Freddie Gray Autopsy Finds ‘High Energy’ Injury
BALTIMORE (AP) — A medical examiner found Freddie Gray suffered a “high-energy injury,” most likely caused when the Baltimore police van he was riding in suddenly slowed down, according to an autopsy report obtained by The Baltimore Sun.
The report says Gray’s death could not be ruled an accident and is instead a homicide because officers didn’t follow safety procedures “through acts of omission.”
Police arrested Gray, 25, on April 12 and he died a week later, prompting protests and rioting. A grand jury indicted six officers on various charges; one officer faces the most serious charge of second-degree “depraved-heart” murder. They have pleaded not guilty.
A spokesman for the Maryland medical examiner and for the prosecutor’s office declined Tuesday to release the report, but State’s Attorney Marilyn Mosby condemned the leak in a statement.
“I want to make it very clear that the state’s attorney’s office did not release the Freddie Gray autopsy report. As I have repeatedly stated, I strongly condemn anyone with access to trial evidence who has leaked information prior to the resolution of this case,” she said.
Attorneys for the officers released a joint statement saying they had not yet received the report, although Mosby is expected to turn it over to the defense by Friday. The defense attorneys said they believed only the prosecutor and the medical examiner’s office had copies.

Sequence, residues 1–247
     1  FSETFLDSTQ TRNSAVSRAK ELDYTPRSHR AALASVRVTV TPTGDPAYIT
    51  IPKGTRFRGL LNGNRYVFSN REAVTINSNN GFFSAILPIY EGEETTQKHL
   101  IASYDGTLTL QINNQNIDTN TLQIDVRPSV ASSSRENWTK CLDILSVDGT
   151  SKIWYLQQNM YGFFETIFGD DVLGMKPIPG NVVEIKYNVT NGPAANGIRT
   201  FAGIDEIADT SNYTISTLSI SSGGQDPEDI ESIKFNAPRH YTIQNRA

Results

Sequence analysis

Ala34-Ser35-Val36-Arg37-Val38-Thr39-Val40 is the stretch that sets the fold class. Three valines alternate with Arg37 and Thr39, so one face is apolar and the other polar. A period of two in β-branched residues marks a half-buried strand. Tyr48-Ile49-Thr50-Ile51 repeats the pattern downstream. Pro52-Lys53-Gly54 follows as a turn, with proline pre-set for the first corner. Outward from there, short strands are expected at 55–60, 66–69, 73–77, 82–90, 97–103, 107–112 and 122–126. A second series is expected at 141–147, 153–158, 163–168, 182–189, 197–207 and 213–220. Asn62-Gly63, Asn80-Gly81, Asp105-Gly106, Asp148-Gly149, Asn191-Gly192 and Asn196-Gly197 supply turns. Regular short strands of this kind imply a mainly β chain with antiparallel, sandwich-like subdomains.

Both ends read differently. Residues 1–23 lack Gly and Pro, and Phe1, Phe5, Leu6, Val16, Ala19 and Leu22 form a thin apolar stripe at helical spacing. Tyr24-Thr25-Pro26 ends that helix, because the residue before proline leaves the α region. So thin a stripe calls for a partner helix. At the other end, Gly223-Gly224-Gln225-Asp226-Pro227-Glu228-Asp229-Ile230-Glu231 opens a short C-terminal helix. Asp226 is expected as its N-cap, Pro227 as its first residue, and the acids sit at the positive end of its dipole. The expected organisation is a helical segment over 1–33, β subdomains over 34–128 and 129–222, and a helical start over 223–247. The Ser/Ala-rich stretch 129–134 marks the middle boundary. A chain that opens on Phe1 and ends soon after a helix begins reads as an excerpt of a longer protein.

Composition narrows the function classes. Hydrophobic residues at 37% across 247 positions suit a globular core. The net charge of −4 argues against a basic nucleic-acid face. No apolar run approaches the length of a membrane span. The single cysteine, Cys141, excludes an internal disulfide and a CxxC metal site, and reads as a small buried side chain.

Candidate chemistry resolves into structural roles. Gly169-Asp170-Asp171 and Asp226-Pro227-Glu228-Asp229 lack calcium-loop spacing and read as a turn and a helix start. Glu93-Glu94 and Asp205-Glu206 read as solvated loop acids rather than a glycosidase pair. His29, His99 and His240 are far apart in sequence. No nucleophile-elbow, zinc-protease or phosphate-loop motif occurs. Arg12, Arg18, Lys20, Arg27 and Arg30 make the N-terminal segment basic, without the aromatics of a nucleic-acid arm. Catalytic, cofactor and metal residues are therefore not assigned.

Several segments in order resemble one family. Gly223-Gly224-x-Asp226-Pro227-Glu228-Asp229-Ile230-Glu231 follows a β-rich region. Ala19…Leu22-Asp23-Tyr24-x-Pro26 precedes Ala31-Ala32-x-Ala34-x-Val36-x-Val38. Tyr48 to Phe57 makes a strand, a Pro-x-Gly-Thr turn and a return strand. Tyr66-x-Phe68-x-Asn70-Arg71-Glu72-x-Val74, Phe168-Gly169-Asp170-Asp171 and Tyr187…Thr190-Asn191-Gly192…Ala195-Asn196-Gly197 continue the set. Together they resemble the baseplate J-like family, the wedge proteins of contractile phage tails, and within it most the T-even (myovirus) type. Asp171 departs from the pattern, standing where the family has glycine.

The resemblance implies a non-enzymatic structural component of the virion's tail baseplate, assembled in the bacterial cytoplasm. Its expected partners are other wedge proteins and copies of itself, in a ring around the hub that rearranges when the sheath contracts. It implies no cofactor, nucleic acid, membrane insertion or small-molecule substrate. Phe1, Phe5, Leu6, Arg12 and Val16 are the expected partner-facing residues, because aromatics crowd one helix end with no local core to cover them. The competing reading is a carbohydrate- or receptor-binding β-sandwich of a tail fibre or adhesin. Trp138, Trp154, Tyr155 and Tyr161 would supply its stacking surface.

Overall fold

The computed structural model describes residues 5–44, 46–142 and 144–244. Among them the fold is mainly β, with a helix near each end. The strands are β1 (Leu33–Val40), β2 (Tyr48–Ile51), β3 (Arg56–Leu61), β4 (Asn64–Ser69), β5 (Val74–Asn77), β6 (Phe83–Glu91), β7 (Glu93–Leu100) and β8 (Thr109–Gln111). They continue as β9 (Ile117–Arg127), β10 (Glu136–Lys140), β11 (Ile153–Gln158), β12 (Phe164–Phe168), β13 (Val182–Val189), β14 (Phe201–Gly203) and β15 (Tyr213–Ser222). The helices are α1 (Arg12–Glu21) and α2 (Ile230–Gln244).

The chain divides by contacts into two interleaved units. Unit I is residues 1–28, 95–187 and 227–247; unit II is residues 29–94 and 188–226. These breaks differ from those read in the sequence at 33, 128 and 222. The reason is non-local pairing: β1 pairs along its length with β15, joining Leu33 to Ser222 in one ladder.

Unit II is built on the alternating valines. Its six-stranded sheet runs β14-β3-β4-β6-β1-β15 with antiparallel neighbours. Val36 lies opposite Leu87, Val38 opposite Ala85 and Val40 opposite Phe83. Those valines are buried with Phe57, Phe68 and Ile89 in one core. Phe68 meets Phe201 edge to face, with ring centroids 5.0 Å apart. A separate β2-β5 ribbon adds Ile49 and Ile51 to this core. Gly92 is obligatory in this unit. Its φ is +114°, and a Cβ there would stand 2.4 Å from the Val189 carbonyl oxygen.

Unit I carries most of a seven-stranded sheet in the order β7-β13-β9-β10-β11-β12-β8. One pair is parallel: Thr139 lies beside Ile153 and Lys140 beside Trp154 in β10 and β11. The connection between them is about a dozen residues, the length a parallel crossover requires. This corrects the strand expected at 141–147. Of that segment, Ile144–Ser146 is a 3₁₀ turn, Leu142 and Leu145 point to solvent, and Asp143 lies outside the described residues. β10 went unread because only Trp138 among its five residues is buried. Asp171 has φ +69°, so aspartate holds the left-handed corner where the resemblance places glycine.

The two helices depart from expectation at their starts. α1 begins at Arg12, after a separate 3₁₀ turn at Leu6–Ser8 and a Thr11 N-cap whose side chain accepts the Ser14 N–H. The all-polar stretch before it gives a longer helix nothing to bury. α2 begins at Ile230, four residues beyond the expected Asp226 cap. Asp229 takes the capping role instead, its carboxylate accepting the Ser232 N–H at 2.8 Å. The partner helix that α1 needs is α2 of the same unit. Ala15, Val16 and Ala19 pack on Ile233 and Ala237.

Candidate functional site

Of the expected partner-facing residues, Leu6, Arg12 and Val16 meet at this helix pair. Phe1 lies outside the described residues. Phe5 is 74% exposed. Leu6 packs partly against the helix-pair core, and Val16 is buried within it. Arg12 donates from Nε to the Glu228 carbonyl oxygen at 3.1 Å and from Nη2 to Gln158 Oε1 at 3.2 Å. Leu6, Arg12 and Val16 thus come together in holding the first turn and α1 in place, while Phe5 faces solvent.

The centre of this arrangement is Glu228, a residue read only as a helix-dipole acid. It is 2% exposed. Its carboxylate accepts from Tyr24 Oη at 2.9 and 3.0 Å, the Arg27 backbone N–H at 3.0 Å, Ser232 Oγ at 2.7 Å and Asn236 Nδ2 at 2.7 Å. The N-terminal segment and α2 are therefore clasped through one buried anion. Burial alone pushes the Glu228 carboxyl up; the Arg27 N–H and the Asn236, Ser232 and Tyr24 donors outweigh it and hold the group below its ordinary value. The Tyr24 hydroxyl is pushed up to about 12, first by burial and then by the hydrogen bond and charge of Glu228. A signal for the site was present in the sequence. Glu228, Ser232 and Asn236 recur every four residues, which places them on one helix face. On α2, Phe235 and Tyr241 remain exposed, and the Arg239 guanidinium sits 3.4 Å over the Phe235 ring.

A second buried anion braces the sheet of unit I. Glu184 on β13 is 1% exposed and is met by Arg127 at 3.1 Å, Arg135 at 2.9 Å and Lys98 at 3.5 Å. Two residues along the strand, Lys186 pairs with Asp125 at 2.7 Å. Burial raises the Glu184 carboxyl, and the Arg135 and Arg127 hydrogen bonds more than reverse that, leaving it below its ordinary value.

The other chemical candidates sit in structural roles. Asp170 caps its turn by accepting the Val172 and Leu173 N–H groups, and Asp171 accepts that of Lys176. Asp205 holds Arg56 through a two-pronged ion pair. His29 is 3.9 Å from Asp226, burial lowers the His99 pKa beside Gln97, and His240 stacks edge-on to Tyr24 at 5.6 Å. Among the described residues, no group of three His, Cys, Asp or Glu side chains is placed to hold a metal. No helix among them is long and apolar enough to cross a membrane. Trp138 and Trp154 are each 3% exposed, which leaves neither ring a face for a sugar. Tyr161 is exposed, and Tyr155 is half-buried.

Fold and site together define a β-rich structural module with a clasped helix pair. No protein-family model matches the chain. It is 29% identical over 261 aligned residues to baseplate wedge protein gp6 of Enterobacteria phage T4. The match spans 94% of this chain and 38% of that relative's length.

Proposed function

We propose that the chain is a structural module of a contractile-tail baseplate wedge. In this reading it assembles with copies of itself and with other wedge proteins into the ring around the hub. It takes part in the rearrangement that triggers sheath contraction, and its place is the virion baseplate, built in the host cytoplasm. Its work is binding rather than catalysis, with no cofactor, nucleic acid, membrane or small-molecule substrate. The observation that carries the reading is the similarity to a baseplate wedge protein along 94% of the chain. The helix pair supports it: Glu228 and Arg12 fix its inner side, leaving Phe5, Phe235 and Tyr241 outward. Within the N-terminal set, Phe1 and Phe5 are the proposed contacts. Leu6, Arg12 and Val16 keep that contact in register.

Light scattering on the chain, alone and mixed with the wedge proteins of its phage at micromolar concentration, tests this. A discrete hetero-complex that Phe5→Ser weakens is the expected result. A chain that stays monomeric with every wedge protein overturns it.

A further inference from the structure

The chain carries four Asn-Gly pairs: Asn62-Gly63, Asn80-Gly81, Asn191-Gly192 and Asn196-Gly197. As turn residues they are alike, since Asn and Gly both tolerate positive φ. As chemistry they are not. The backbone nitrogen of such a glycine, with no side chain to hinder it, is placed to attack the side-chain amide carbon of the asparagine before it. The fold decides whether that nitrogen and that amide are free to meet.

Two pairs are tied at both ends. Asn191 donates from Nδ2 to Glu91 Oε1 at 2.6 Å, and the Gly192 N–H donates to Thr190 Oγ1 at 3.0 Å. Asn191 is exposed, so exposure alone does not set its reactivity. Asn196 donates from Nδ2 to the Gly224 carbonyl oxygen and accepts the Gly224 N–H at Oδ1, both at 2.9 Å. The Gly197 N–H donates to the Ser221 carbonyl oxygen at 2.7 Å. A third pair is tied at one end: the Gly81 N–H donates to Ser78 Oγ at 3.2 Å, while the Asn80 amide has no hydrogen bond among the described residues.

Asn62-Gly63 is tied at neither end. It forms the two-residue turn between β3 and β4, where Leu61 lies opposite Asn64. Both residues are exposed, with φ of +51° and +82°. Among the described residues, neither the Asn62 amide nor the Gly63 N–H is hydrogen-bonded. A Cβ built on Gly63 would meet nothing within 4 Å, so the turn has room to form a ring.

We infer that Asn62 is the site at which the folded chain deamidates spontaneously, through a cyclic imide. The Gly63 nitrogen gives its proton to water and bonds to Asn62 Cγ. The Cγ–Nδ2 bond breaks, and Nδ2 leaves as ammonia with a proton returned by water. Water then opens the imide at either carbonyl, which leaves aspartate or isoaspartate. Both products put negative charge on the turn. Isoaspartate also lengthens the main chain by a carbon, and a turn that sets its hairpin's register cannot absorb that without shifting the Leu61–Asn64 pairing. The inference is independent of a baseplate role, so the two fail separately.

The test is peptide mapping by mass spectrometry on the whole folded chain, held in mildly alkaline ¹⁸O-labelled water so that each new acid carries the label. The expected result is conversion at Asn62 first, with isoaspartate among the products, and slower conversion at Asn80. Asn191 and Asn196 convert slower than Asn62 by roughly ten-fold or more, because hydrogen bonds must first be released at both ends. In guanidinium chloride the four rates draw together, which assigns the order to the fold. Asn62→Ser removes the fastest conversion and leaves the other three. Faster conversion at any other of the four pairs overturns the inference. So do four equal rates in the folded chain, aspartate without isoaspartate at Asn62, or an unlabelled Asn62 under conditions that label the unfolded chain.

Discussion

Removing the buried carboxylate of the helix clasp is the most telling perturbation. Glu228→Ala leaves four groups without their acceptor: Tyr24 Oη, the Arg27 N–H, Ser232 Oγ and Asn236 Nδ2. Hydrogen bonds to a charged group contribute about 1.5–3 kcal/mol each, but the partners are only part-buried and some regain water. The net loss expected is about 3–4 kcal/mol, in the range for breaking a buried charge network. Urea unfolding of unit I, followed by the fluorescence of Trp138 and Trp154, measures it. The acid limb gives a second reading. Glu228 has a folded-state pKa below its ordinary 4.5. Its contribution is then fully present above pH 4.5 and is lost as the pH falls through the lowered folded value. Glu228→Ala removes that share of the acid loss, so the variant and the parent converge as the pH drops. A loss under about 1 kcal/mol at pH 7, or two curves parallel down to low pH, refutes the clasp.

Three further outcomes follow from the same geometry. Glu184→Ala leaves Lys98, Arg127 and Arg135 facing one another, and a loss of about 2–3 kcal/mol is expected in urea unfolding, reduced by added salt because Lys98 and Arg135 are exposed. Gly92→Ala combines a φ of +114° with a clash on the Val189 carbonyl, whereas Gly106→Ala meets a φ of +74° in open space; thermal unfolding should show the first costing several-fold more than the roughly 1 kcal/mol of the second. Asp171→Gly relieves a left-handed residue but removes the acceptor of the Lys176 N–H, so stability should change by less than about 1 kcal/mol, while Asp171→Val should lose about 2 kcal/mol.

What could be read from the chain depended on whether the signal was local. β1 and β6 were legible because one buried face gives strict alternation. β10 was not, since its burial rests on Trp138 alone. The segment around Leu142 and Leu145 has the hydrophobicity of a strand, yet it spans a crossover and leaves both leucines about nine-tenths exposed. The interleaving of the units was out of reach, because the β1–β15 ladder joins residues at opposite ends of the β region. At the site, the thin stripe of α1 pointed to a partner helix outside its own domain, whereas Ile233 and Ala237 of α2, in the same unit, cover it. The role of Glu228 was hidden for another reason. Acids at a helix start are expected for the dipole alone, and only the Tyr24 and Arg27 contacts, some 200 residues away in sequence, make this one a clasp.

The newspaper reported it obtained a copy of the autopsy, and sources who verified it for the Sun requested anonymity because of the high-profile nature of the case.
Although officers loaded Gray into the van on his abdomen, the medical examiner surmised Gray may have gotten to his feet, then been thrown into a wall when the van abruptly changed direction. Because Gray wasn’t belted in and had his wrists and ankles shackled, he was “at risk for an unsupported fall during acceleration or deceleration of the van.”
Police and an attorney for the Gray family have said previously that Gray suffered a severe spine injury.
At the University of Maryland Medical Center, Gray tested positive for opiates and cannabinoid, according to the autopsy.
According to the report’s chronology:
– Gray suffered no injuries to suggest a neck hold or anything stemming from physical restraint during his arrest. Assistant Medical Examiner Carol Allan noted that in bystander video, Gray is seen bearing weight on his legs and speaking as officers load him into the van.
– The van made several stops. At the second stop, officers placed an identification band and leg restraints on Gray. “Reportedly, Mr. Gray was still yelling and shaking the van. He was removed from the van and placed on the ground in a kneeling position, facing the van doors, while ankle cuffs were placed, and then slid onto the floor of the van, belly down and head first, reportedly still verbally and physically active.” The most significant injury to Gray may have occurred after this stop.
– During a fourth stop, authorities said van driver Caesar Goodson called for help and Officer William Porter got involved. “The assisting officer opened the doors and observed Mr. Gray lying belly down on the floor with his head facing the cabin compartment, and reportedly he was asking for help, saying he couldn’t breathe, couldn’t get up, and needed a medic. The officer assisted Mr. Gray to the bench and the van continued on its way.”
– When the van made a fifth stop to pick up a second arrestee, Sgt. Alicia White helped check on Gray. “Mr. Gray was found kneeling on the floor, facing the front of the van and slumped over to his right against the bench, and reportedly appeared lethargic with minimal responses to direct questions.”
This story has been corrected to show that Officer William Porter was involved in the fourth stop, not Sgt. Alicia White.